The online home of Women's Rugby

Russia launches ambitious XVs plan

The Russian Rugby Federation has announced plans to launch a domestic XVs tournament.

Despite their success on the field – Russia are now the eighth-ranked European test nation – they do not have a domestic XVs programme.

Women’s rugby in Russia is largely centred on six clubs who play sevens, with leading players (who are not in the national sevens programme) often needing to be being introduced to XVs at national camps.

Despite what would appear a significant disadvantage, Russia have slowly moved up in the European and world rankings, overtaking the Netherlands in 2019 and now sitting 8th in Europe and 14th in the world – just behind South Africa, Japan and Scotland.

The move to launch a women’s XVs championship is part of a 10-year strategy for rugby in Russia which aims to make rugby one of the top three team sports in country by 2031, with a target of 1.5 million players and national teams in “leading positions in all areas”.

It is an aim that they admit to be “ambitious” – and which will need to be formally ratified in September – but those behind the women’s programmes are not waiting until then.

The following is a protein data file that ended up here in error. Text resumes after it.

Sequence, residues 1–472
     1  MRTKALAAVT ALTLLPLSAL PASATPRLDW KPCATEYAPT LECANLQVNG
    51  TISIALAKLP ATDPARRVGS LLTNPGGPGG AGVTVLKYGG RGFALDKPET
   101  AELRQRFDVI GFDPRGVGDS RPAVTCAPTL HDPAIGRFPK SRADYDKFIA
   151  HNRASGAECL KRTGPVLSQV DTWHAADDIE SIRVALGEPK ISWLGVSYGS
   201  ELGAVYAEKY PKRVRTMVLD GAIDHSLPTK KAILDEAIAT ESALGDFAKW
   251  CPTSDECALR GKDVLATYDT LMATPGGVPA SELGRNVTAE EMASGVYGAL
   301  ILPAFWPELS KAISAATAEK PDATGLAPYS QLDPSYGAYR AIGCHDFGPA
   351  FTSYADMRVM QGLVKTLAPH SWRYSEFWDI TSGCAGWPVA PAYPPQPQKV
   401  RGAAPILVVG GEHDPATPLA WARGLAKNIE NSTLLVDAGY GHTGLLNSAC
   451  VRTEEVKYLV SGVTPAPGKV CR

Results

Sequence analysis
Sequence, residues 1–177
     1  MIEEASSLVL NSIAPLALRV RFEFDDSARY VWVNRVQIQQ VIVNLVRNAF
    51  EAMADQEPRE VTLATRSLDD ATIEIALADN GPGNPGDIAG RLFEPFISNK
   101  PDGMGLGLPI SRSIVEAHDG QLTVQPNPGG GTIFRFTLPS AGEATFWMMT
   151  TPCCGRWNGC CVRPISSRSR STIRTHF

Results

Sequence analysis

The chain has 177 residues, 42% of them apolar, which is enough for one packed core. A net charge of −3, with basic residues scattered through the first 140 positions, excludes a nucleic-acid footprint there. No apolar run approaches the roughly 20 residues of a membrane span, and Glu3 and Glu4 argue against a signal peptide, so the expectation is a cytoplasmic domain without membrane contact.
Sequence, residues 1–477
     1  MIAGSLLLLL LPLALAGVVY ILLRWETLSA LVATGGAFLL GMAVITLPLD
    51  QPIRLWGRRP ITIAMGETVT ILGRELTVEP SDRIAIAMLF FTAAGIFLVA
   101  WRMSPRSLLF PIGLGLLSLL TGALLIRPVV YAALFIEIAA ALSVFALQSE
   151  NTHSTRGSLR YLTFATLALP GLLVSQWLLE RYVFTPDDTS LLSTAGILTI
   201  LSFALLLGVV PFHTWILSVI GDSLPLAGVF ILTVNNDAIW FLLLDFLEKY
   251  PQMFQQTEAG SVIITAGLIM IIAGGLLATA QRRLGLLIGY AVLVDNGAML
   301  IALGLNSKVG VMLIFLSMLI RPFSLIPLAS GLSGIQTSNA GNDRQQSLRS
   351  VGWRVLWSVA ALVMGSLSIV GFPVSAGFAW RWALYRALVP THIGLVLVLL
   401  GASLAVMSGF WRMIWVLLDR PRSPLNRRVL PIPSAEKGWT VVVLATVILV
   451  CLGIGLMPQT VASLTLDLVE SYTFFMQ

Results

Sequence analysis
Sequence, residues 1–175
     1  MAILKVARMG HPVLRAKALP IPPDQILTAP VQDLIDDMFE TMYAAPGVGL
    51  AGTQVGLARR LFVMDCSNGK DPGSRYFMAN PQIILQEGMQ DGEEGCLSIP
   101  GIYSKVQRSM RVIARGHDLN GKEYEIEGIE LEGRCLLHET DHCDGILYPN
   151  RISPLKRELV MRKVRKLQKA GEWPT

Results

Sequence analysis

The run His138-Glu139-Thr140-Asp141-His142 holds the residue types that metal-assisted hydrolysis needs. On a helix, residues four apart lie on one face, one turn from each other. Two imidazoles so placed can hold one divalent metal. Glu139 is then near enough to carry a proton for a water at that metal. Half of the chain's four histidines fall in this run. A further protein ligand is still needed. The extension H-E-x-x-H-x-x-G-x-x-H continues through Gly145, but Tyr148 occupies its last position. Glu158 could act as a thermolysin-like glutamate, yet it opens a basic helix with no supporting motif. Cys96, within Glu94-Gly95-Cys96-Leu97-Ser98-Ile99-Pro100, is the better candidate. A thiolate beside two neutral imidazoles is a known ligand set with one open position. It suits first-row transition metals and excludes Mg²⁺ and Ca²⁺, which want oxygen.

“We need the Russian women's XVs championship this year”, says Igor Artemiev, Chairman of the Supreme Council of the Russian Federation.

“We will need to interview all clubs, get their agreement that they are ready to participate and start working by the end of May. That is when we need a decision.

“The tournament should turn out to be interesting, including for the fans, whom we are looking forward to at the stadiums."

Women's Coach Grigory Malyutin goes into more detail.

“To implement these plans, it is necessary to help increase funding for the six leading women's sevens clubs in Russia to create XVs teams.

“Every year, in the spring and autumn, we will be aiming to hold at least two rounds of a Russian XVs Championship.

“We also will provide assistance to teams who, for financial reasons or due to a lack of players, may be unable to participate in the tournament in the first year, and will also be looking to create teams based on existing academies.

“Once the system is in place, starting 2022, our aim is also to organize as many regional competitions as we can as well as test matches in leading players."

That this announcement should come so soon after the launch of the WXV programme suggests that this cannot be a co-incidence, offering as it does something for European team outside the Six Nations to build towards.

Russia’s international success at sevens over the past decade suggests that have huge potential and could be competing strongly for a place in the expanded 2025 World Cup.